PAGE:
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Managing the family firm: evidence from CEOs at work

Bandiera, Oriana and Prat, Andrea and Sadun, Raffaella (2013) Managing the family firm: evidence from CEOs at work. Economic Organisation and Public Policy Discussion Papers, EOPP 049. The London School of Economics and Political Science, Suntory and Toyota International Centres for Economics and Related Disciplines, London, UK.

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Identification Number: EOPP 049

Abstract

CEOs affect the performance of the firms they manage, and family CEOs seem to weaken it. Yet little is known about what top executives actually do, and whether it differs by firm ownership. We study CEOs in the Indian manufacturing sector, where family ownership is widespread and the productivity dispersion across firms is substantial. Time use analysis of 356 CEOs of listed firms yields three sets of findings. First, there is substantial variation in the number of hours CEOs devote to work activities, and longer working hours are associated with higher firm productivity, growth, profitability and CEO pay. Second, family CEOs record 8% fewer working hours relative to professional CEOs. The difference in hours worked is more pronounced in low competition environments and does not seem to be explained by measurement error. Third, difference in diffrences estimates with respect to the cost of effort, due to weather shocks and popular sport events, reveal that the observed difference between family and professional CEOs is consistent with heterogeneous preferences for work versus leisure. Evidence from six other countries reveals similar findings in economies at different stages of development.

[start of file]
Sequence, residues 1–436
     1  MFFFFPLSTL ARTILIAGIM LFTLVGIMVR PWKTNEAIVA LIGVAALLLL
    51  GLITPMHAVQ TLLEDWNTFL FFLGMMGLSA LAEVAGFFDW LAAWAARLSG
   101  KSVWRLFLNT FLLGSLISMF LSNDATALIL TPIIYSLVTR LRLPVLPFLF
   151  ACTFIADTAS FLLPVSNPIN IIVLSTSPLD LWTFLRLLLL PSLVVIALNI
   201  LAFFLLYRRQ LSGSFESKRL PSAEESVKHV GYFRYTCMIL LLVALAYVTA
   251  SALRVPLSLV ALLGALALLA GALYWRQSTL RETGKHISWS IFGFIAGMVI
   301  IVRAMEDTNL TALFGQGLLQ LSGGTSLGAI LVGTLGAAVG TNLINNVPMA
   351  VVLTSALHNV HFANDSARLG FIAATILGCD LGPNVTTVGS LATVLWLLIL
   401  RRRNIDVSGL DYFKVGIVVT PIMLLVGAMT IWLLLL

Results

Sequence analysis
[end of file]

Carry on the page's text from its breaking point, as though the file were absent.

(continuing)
Item Type: Monograph (Report)
Official URL: http://sticerd.lse.ac.uk/
Additional Information: © 2013 The Authors
Subjects: H Social Sciences > HB Economic Theory
Sets: Departments > Economics
Research centres and groups > Suntory and Toyota International Centres for Economics and Related Disciplines (STICERD)
Date Deposited: 23 Jul 2014 10:04
Last Modified: 05 Jul 2017 13:31
Funders: Columbia Business School, Harvard Business School, International Growth Center, Kauffman Foundation
URI: http://eprints.lse.ac.uk/id/eprint/58162

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